Staff Publications

Staff Publications

  • external user (warningwarning)
  • Log in as
  • language uk
  • About

    'Staff publications' is the digital repository of Wageningen University & Research

    'Staff publications' contains references to publications authored by Wageningen University staff from 1976 onward.

    Publications authored by the staff of the Research Institutes are available from 1995 onwards.

    Full text documents are added when available. The database is updated daily and currently holds about 240,000 items, of which 72,000 in open access.

    We have a manual that explains all the features 

Record number 406799
Title Contribution of Listeria monocytogenes RecA to acid and bile survival and invasion of human intestinal Caco-2 cells
Author(s) Veen, S. van der; Abee, T.
Source International Journal of Medical Microbiology 301 (2011)4. - ISSN 1438-4221 - p. 334 - 340.
Department(s) Food Microbiology Laboratory
Publication type Refereed Article in a scientific journal
Publication year 2011
Keyword(s) stress-response - sigma(b) contributes - salmonella-enterica - tolerance response - escherichia-coli - virulence factor - salt hydrolase - dna-damage - prfa - expression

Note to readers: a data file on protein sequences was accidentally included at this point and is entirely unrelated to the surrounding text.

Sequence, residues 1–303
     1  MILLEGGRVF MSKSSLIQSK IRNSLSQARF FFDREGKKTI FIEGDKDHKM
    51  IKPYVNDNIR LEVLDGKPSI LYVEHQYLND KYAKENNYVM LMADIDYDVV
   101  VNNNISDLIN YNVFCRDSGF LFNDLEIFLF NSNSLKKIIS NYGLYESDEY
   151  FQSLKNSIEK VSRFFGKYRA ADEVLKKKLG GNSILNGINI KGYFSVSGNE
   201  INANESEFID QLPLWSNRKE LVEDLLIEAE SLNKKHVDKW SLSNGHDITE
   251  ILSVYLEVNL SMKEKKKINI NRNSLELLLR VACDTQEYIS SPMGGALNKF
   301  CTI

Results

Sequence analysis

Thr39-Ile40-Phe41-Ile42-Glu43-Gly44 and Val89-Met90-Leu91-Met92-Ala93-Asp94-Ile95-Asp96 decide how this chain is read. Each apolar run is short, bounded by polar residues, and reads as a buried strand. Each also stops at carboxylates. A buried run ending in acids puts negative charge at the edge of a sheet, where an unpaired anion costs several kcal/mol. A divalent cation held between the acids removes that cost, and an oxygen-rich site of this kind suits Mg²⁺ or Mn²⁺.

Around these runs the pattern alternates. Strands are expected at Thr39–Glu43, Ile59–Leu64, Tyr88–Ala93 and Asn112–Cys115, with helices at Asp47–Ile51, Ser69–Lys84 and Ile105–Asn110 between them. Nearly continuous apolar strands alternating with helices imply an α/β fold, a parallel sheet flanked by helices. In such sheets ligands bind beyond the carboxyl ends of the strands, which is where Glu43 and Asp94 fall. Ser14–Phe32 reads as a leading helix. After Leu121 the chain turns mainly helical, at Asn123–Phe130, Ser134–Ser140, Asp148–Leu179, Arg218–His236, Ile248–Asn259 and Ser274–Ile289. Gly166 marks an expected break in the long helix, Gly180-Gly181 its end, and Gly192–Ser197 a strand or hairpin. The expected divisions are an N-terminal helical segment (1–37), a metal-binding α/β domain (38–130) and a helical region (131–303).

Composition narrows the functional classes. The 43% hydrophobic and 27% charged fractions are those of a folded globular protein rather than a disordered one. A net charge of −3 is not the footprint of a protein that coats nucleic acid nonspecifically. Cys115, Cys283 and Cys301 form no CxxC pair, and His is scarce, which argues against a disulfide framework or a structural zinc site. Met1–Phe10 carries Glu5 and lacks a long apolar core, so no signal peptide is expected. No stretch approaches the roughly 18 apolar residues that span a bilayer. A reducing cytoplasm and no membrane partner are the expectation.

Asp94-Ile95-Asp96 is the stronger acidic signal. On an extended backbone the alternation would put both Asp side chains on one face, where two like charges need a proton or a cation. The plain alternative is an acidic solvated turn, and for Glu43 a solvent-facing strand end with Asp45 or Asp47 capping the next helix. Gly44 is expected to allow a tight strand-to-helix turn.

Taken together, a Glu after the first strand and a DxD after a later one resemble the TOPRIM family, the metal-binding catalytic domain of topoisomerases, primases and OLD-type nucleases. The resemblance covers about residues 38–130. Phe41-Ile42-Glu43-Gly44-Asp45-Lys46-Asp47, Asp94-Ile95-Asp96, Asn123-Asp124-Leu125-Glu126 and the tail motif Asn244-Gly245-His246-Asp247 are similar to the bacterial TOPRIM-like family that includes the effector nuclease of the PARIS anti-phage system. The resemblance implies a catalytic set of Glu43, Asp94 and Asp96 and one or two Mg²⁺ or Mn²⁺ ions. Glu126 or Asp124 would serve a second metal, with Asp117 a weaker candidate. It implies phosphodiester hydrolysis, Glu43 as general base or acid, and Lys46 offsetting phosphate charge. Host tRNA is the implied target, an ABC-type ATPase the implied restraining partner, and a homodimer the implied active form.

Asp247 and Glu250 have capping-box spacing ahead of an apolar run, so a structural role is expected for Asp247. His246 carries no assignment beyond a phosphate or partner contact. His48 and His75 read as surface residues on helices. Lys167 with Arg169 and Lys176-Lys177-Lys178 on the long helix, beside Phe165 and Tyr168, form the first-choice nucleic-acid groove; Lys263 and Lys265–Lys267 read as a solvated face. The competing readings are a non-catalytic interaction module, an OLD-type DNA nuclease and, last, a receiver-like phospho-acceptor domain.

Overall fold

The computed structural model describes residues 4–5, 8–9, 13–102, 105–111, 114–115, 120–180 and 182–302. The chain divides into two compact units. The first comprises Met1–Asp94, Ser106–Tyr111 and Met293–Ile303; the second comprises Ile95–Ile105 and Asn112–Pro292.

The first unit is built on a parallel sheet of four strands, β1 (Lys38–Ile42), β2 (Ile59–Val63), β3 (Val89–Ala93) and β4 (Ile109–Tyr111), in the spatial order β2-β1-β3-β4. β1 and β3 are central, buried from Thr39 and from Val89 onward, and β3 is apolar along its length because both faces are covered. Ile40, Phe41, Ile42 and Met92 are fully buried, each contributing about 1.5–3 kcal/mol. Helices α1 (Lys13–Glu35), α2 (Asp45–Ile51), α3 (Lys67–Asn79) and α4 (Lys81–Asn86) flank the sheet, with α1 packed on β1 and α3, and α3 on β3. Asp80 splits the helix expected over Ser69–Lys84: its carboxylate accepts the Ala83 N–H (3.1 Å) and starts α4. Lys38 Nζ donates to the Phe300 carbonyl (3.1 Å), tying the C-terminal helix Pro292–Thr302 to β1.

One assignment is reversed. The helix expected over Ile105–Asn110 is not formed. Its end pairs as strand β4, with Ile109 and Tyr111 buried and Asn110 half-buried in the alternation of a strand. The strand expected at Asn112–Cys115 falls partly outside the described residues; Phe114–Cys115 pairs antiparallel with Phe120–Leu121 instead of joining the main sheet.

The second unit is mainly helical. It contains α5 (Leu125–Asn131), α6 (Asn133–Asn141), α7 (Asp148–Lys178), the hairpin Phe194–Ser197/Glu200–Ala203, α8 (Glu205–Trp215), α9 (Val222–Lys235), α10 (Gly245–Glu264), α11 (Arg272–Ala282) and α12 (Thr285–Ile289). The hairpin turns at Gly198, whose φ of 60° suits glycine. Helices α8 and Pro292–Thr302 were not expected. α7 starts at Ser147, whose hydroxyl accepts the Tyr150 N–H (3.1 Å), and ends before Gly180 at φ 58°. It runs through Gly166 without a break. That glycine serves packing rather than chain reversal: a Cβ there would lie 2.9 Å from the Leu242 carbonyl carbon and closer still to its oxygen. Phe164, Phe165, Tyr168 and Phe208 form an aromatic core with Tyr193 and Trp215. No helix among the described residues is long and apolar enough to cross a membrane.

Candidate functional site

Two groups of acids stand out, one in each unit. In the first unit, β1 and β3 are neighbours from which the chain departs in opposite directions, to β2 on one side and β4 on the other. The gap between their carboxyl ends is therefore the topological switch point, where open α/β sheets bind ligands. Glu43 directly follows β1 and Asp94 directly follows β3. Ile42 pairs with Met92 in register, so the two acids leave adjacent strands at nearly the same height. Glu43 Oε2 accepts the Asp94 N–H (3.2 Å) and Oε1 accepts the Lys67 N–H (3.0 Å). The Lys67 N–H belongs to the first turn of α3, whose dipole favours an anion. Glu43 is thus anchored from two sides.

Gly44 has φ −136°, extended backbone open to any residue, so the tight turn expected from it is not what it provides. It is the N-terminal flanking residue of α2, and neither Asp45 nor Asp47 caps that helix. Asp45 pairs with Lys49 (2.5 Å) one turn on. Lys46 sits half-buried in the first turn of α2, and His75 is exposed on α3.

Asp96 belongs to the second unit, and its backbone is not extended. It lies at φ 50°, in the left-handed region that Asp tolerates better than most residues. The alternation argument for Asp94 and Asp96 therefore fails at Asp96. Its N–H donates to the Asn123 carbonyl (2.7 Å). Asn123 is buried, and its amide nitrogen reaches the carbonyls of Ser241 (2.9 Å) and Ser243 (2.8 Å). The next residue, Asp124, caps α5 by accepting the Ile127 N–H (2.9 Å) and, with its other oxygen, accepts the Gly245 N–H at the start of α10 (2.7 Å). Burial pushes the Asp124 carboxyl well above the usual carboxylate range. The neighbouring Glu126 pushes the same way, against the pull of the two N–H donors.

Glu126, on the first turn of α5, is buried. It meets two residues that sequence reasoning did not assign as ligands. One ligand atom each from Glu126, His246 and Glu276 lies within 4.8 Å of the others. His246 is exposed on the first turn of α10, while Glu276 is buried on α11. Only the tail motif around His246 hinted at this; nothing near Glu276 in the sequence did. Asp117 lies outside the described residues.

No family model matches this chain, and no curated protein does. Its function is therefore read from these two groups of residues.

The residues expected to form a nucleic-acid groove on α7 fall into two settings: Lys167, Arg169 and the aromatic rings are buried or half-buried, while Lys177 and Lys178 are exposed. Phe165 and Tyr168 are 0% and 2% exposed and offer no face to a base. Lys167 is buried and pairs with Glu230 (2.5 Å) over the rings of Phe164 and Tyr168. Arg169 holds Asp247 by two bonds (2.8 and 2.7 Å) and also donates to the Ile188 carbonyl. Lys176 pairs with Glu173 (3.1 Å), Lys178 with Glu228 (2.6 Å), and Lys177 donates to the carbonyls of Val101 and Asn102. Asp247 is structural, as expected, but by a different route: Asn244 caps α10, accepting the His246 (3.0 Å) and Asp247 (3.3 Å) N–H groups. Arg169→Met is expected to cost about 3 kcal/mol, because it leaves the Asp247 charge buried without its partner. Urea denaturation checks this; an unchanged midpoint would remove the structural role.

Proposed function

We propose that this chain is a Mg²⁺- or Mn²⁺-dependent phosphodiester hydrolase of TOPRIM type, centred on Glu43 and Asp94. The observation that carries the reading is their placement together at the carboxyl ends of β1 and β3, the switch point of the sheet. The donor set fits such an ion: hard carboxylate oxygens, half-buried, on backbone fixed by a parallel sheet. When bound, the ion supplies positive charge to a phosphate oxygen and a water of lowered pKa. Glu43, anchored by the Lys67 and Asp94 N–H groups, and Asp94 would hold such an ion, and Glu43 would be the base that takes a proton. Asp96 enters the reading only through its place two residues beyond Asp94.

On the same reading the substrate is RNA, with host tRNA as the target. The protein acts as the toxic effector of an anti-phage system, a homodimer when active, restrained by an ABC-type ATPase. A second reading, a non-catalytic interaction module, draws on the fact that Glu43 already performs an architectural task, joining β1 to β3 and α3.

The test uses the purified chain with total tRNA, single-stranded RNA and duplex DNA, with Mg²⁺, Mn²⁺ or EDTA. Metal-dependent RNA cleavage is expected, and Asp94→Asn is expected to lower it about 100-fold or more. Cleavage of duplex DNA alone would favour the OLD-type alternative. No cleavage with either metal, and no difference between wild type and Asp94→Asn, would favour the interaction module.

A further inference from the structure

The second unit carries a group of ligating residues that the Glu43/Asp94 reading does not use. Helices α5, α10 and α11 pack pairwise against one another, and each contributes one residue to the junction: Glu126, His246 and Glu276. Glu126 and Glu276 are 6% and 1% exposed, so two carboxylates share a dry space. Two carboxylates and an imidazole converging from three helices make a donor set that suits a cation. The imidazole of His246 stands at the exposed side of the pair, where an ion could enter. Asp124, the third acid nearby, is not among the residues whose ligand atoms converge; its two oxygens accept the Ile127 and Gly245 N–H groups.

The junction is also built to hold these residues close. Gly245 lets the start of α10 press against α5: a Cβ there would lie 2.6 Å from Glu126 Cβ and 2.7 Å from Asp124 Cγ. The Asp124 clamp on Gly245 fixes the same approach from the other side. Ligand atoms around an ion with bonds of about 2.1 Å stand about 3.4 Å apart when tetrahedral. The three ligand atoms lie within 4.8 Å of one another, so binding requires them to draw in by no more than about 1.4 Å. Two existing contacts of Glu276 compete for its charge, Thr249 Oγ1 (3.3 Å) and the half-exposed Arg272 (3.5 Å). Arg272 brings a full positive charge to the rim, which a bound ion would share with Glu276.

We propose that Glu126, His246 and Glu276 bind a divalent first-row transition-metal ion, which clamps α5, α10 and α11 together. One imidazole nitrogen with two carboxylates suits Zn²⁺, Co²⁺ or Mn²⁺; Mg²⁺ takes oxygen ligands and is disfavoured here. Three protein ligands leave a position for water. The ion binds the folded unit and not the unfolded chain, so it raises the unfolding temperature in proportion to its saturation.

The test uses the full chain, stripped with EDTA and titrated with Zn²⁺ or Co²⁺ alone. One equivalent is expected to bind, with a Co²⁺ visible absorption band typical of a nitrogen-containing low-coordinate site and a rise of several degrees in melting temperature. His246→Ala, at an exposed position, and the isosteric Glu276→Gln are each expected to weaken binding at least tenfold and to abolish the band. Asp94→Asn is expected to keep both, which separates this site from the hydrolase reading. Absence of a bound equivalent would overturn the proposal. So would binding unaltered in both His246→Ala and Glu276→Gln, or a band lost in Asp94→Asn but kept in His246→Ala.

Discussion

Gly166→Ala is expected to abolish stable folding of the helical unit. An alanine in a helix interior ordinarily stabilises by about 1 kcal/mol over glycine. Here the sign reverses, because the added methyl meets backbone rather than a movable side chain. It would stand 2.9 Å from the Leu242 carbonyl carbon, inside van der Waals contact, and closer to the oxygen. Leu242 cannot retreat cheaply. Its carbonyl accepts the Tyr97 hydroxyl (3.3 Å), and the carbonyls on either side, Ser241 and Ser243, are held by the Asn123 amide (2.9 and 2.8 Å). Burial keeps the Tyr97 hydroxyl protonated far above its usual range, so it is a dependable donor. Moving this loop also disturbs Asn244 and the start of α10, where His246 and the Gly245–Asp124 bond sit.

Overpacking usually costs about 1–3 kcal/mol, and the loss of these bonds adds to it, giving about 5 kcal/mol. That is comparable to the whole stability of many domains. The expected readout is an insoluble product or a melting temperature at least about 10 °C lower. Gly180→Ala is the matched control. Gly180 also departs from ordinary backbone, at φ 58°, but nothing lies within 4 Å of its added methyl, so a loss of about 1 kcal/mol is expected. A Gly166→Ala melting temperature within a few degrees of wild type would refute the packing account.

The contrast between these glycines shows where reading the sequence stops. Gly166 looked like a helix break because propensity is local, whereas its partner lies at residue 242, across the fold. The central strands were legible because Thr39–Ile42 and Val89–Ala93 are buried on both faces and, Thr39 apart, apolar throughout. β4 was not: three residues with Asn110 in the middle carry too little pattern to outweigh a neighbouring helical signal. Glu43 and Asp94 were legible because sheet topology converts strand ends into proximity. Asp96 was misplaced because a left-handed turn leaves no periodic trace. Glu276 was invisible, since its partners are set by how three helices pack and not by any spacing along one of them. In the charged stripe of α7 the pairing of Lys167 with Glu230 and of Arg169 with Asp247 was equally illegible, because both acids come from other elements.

Abstract The food-borne pathogen Listeria monocytogenes is able to colonize the human gastro-intestinal tract and subsequently cross the intestinal barrier. Thus, for L. monocytogenes to become virulent, it must survive the low pH of the stomach, high bile concentrations in the small intestine, and invade the epithelial cells. In this study, we show that RecA, which is an important factor in DNA repair and the activator of the SOS response, contributes to the resistance against acid and bile and to the ability of L. monocytogenes to adhere and invade human intestine epithelial cells. Activation of recA was shown with a promoter reporter after exposure to low pH and high bile concentrations and during adhesion and invasion of Caco-2 intestinal epithelial cells. Furthermore, an in-frame recA deletion mutant showed reduced survival after exposure to low pH and high bile concentrations. This mutant also showed a deficiency in adhesion and invasion of Caco-2 cells. These results suggest that RecA may contribute to the colonization of the human gastro-intestinal tract and crossing of the intestinal barrier. Keywords: Listeria monocytogenes; RecA; Virulence; Acid; Bile; Caco-2
There are no comments yet. You can post the first one!
Post a comment
Please log in to use this service. Login as Wageningen University & Research user or guest user in upper right hand corner of this page.